While the calls for prosecuting Myanmar’s generals and civilian leaders over the atrocities against Rohingya Muslims are commendable, they, however, reinforce a narrative the world has gotten tired of. The constant noise and condemnation over leaders around the world killing their own people helps in deeply internalising this idea that killing one’s own people is a crime while killing people in other countries by foreign leaders is not because it is always done under the pretext of some noble cause. Either WMDs have to be countered and self-defence claimed or saving the helpless population under the Responsibility To Protect (R2P) becomes the cover for massive atrocities around the world. Therefore, the only noise emanating from the West is regarding some leader killing ‘his own people’.
The United Nations investigators recommended that the UNSC refer the Myanmar situation to the International Criminal Court (ICC) or set up an adhoc tribunal. The investigators said that Myanmar’s military gang-raped Rohingya Muslims with “genocidal intent” and that the Commander-in-Chief and five other generals should be prosecuted for the gravest crimes under international law. The recommendation is commendable but a textbook illustration of cherry picking criminals. I am a Muslim and it saddens me to see Muslims suffer. However, my faith strongly advocates for justice regardless of one’s faith. No such recommendation was given by any UN fact-finding body for American and British military generals for their atrocities and aggression in Iraq even though no fact-finding was needed.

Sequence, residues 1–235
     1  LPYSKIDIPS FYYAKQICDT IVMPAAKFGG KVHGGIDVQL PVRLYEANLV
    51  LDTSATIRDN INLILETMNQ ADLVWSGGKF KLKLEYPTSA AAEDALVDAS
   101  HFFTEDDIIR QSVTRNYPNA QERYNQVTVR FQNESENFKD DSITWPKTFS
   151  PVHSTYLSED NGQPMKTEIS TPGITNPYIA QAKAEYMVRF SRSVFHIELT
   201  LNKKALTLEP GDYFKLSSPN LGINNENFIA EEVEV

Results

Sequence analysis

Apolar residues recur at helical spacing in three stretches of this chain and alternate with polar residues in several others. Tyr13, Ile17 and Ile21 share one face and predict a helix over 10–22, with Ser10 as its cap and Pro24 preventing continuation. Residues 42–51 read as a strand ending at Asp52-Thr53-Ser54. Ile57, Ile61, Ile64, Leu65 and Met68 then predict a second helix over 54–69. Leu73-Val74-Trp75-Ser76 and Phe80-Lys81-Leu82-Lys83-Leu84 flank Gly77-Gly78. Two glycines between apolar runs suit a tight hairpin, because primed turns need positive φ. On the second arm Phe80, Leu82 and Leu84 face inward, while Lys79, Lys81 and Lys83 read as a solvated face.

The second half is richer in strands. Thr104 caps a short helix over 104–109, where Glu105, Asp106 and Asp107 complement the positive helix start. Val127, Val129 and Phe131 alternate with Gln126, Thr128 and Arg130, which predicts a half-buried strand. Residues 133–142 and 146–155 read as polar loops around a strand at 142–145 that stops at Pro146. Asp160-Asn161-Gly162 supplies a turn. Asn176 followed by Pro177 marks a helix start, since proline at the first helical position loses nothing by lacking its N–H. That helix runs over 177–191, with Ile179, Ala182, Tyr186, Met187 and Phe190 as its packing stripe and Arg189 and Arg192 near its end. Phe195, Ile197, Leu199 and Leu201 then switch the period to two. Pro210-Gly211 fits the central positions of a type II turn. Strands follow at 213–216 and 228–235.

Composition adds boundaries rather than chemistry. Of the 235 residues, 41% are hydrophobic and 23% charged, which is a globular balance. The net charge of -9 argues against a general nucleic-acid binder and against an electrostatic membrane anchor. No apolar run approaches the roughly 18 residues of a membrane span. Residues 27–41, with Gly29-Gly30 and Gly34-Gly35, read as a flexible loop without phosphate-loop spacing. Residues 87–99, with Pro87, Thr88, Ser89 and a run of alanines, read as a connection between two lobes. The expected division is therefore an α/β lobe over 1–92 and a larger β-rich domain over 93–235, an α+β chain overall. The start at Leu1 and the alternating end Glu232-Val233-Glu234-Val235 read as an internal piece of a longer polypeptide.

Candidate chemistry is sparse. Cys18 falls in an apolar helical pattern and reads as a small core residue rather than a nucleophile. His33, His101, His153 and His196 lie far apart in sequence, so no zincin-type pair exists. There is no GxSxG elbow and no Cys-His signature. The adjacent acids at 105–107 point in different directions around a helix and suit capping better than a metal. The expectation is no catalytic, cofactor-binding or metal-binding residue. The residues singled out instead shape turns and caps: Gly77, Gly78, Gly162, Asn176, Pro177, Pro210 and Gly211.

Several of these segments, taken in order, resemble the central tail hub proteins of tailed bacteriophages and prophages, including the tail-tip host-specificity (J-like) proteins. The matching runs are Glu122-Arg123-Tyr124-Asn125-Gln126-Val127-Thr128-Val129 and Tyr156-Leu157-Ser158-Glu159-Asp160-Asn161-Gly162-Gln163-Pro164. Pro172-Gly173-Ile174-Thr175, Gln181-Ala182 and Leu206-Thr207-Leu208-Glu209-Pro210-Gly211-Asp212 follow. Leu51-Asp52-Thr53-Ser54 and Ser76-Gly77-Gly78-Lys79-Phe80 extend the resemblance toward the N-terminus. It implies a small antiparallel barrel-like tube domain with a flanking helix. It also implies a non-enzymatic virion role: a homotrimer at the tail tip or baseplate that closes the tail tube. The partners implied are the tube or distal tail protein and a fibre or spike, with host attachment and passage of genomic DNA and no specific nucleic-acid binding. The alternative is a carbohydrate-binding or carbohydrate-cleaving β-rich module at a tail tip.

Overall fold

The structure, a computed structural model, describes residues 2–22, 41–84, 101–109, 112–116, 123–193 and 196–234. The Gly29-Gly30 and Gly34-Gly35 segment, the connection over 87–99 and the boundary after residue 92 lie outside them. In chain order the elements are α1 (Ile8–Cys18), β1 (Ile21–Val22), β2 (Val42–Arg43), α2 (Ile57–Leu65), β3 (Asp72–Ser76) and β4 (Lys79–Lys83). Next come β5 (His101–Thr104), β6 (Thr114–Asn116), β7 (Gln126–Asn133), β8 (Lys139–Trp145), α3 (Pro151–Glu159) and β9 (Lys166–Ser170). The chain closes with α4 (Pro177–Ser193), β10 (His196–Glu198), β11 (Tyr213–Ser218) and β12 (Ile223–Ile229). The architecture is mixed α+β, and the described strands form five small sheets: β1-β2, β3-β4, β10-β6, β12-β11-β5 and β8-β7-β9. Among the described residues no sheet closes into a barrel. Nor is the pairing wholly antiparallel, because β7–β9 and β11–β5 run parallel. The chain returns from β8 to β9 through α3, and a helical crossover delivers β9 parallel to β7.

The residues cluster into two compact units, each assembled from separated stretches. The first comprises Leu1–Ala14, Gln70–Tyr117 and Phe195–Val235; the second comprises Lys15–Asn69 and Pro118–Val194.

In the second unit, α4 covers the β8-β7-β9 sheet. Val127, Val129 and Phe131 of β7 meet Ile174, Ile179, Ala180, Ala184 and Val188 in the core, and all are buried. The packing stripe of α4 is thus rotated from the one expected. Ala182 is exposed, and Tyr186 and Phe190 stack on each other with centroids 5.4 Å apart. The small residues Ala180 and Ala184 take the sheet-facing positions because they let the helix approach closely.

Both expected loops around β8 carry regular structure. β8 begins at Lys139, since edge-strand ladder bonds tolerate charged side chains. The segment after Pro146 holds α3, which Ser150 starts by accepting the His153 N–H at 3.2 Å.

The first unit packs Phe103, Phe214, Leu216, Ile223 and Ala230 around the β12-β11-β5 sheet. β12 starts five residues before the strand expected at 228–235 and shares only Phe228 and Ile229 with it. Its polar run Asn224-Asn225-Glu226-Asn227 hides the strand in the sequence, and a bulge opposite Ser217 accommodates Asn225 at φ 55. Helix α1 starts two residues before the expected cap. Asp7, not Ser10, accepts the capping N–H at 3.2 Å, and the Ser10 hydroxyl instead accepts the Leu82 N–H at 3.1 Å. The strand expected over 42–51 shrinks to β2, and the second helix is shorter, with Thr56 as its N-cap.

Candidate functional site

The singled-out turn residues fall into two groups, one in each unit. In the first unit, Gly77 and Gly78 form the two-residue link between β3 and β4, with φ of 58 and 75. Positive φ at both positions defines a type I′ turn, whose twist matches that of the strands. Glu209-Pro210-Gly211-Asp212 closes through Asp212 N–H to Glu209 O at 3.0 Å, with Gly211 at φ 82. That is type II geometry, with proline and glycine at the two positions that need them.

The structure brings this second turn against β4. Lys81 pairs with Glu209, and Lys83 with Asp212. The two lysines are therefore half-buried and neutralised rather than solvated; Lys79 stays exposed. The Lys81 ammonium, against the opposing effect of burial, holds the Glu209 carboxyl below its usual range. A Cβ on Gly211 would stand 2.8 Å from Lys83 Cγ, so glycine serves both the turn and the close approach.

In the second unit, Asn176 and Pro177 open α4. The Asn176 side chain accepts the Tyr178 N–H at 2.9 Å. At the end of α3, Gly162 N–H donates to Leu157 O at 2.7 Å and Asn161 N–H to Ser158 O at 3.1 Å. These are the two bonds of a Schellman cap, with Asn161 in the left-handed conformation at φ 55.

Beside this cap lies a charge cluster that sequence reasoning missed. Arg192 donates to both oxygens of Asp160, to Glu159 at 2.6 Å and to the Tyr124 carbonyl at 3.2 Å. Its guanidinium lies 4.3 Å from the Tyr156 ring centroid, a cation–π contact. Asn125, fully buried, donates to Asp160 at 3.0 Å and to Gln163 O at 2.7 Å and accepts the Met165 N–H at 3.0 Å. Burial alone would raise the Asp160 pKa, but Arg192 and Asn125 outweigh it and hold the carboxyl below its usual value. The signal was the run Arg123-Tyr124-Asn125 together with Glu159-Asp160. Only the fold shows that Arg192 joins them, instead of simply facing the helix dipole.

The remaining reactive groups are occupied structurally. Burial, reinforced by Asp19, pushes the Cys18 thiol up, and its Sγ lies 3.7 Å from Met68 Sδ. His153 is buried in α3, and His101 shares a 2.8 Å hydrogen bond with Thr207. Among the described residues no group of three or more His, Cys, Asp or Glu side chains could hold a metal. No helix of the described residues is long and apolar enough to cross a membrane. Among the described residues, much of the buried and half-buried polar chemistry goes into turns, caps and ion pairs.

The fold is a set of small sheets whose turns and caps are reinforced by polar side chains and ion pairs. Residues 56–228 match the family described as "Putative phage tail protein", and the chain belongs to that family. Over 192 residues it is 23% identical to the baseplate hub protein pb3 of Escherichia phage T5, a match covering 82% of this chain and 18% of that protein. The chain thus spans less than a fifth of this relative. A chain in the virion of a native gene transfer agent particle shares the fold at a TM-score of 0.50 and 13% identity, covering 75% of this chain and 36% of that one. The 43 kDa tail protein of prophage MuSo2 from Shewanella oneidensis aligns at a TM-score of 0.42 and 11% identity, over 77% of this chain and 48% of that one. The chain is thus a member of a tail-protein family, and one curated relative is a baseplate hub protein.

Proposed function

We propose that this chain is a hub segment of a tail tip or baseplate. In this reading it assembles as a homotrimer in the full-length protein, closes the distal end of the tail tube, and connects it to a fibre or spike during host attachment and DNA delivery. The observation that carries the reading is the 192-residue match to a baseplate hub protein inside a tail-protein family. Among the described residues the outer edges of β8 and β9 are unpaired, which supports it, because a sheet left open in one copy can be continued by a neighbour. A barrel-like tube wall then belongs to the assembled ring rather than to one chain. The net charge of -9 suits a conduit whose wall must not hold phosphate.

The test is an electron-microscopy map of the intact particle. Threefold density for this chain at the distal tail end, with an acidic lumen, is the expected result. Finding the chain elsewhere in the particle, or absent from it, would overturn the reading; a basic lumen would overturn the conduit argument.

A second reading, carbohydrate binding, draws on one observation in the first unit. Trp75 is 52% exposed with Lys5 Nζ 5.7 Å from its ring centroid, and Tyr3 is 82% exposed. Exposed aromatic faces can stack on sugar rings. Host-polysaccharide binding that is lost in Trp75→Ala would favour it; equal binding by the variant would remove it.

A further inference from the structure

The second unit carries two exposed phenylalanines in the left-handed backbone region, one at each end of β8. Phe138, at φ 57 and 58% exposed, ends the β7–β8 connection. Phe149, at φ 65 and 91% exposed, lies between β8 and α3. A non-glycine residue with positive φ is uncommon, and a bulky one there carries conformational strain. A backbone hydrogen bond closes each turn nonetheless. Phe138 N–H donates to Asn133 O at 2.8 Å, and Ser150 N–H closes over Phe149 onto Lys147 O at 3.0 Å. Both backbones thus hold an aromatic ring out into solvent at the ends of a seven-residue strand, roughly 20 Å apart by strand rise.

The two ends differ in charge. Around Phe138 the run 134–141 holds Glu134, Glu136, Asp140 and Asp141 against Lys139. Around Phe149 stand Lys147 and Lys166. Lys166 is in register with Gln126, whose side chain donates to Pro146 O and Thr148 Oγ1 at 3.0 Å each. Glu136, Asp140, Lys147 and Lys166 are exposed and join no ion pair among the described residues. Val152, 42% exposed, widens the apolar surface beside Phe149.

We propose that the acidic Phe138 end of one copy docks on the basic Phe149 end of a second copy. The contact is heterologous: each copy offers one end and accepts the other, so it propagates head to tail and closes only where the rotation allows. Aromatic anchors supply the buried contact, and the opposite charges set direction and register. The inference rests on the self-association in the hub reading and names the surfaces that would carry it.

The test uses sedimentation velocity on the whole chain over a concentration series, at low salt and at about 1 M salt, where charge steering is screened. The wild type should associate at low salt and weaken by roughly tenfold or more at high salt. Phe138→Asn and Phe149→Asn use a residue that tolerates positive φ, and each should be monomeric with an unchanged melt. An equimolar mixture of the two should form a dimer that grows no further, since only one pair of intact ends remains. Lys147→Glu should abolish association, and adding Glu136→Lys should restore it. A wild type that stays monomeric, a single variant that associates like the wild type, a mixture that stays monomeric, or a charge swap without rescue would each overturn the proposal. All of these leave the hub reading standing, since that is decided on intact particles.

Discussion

The UN investigators blame Myanmar’s defacto civilian leader, Aung San Suu Kyi for failing to use her “moral authority” to protect civilians. Bush and Blair ensured the deaths of Iraqi civilians because they knew there were no WMDs. More than 600 US soldiers have reportedly inhaled chemical agents in Iraq, which were remnants of the chemical weapons provided to Saddam by the US in the 1980s. The investigators say that Suu Kyi “contributed to the commission of atrocity crimes” by letting hate speech thrive, destroying documents and failing to shield minorities from crimes against humanity and war crimes. In Afghanistan during the 1980s, the CIA in collaboration with the University of Nebraska published books teaching and glorifying Jihad. Young students were taught ‘R for Russian’ and ‘K for Kalashnikov’. Use the Kalashnikov and kill the Russians. This is directly enabling hate speech to thrive. Did this count as contributing “to the commission of atrocity crimes”?
The UN investigators’ report says that the attack — which featured 700,000 Rohingya flee due to rape, mass murder and torching of their villages — was “grossly disproportionate to actual security threats”. Does invading a sovereign nation and unleashing the most lethal war machinery mankind has ever seen based on fictional threats qualify as “grossly disproportionate to actual security threats”?
The UN report also criticised Facebook for allowing the world’s biggest social media network to be used in inciting violence and hatred. Facebook responded by blocking 20 Myanmar officials and organisations that the UN report found to have “committed or enabled serious human rights abuses”. Has Facebook also blocked Bush and Blair or Obama for killing innocent civilians in drone warfare or is there a different policy that we aren’t aware of, where foreign leaders who “committed or enabled serious human rights abuses” in Iraq, Afghanistan, Libya, Pakistan and elsewhere aren’t blocked? While Facebook is a social media network, it complies with requests from governments and international organisations that are chronically disconnected from people around the world.
Published in The Express Tribune, September 6th, 2018.
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